Nov 3, 2010

The Last Password You Will Ever Need

I have found the best, free, cross platform, cross browser password manager of all friggin’ time! Yes, you read that correctly, the best of all time, and it is free!

Why does one need a password manager? The answer is because like most people these days you probably have multiple accounts, on multiple websites across the Internet. To be secure you should have different passwords on all those sites to keep the bad guys guessing. Most of us don’t though right? Most of us use the same password for everything so we can remember it. That or we rotate a few passwords all the time. At least that is what a lot of the users at my company do.

What a password manager does is it allows us to use random, or semi-random passwords on all the sites we use. You know, really long passwords that even we can’t remember, Something like:


How can your remember that? Could you imagine typing that all by yourself? Hell no! If it’s hard for you to do though, imagine how hard it would be for the bad guys to guess, or brute force!

There are many password managers out there, but I don’t know any that work quite like this tool. The tool I’m writing about encrypts your passwords on your computer and syncs the encrypted info to their servers online, and allows you to sync your encrypted database with every computer you use!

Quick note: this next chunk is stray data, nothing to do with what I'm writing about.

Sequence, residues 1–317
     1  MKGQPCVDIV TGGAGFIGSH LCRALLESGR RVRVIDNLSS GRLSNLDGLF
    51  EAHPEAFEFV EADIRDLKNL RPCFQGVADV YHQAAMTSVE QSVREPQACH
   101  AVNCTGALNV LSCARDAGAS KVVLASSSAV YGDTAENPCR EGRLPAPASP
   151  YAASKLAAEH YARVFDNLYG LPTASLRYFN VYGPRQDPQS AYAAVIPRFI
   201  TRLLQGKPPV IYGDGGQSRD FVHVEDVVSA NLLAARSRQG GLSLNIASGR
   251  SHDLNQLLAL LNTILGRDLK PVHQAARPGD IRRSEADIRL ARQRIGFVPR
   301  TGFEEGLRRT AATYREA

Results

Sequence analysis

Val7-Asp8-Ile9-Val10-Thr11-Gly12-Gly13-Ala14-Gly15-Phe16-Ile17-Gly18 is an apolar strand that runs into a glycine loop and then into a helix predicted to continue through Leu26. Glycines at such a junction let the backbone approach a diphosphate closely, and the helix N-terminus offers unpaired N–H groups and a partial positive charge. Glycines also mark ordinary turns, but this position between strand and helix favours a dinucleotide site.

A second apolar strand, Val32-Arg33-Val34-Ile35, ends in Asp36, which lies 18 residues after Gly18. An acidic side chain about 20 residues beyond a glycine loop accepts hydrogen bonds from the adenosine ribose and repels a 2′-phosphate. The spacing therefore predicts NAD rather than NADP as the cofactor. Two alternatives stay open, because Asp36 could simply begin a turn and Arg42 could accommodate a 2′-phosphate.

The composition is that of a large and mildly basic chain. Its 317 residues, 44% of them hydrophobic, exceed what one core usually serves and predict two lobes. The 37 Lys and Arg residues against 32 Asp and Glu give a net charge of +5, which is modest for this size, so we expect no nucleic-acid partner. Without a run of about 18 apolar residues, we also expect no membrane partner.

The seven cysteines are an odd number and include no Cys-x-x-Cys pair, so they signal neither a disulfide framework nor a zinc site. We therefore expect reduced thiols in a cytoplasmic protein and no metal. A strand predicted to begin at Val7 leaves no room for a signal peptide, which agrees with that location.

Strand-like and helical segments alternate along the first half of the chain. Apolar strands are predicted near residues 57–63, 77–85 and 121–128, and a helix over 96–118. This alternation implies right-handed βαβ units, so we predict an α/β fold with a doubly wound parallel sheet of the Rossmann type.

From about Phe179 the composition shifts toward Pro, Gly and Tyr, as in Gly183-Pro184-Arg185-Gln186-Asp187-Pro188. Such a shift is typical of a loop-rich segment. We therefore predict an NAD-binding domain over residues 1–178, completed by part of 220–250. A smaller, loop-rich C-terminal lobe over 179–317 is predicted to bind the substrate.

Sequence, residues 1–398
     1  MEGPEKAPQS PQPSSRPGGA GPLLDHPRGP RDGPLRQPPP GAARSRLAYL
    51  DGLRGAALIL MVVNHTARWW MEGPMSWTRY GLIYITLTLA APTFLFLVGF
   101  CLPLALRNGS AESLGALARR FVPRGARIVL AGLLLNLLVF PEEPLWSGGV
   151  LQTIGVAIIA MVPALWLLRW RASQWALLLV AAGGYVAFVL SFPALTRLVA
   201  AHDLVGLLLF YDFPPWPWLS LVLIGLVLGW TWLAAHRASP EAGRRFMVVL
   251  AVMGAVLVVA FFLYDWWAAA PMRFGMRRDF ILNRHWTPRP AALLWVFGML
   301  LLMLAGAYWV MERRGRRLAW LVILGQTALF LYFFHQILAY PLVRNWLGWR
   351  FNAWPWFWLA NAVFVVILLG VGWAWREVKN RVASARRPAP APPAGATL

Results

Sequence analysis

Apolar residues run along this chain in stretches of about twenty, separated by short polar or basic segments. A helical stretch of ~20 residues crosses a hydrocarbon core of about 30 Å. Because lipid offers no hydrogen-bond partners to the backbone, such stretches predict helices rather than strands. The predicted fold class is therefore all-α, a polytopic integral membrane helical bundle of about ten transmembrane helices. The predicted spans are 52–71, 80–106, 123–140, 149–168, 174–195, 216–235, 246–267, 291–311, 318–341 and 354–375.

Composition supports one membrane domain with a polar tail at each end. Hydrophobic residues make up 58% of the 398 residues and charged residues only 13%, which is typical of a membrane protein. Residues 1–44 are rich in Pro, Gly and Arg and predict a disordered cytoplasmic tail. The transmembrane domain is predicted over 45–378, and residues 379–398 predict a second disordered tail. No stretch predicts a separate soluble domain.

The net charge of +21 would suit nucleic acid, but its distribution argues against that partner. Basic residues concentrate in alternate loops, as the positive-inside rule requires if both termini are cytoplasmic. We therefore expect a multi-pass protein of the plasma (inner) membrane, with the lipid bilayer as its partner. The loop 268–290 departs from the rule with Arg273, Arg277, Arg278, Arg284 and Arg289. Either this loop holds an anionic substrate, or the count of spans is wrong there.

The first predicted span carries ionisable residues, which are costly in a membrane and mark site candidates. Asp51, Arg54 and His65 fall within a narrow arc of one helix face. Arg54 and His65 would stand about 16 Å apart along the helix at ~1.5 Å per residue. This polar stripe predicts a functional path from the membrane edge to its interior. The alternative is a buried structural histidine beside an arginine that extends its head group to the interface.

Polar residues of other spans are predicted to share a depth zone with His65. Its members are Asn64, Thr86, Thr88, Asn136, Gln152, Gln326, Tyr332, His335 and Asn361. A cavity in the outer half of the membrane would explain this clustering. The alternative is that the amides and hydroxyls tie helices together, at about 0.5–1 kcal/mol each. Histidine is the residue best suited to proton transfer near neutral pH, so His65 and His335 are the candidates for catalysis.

It is cross platform too, so you can sync it with your Windows, Mac or Linux computers on any browser you might be using including IE, Firefox, Chrome and Safari! This tool is called LastPass!

lastpassNow that I have it installed, when I go to a new site that requires a password, I login as usual, but instead of getting the prompt from the browser to remember my password, I get prompted from LastPass!

lastpass-chromeIf I select the option to remember the password, I can fill out some options like what category the credentials belong in, if I want to see the password prompt each time, or if LastPass should just auto login for me!

Now that your password is saved and encrypted, when you go to another computer, and login to your LastPass account those passwords will sync up, and you are good to go. The only password you will ever have to remember again is your LastPass password!

Is LastPass really secure though? Here is what they have to say:

LastPass uses SSL exclusively for data transfer even though the vast majority of data you're sending is already encrypted with 256-bit AES and unusable to both LastPass and any party listening in to the network traffic -- the amount of data is trivial so the extra encryption doesn't hurt. Our policy of never receiving private data that you haven't already locked down with your LastPass master password (which we never receive and will never ask for) radically reduces attack vectors. We use firewalls and best practices to protect the servers and service, but our best line of defense is simply not having access to data even if someone got in. If LastPass can't access it, hackers can't either.

Now that I have found this, I will be installing this on all my machines, and changing my online passwords to be random 32 characters each. Crack that mister hacker man! I actually opted for the premium package so I could use it on my mobile device as well. Why not? It's only $1 a month!

Do you use LastPass? Like it? Dislike it? Do you use something different? Let us know in the comments!

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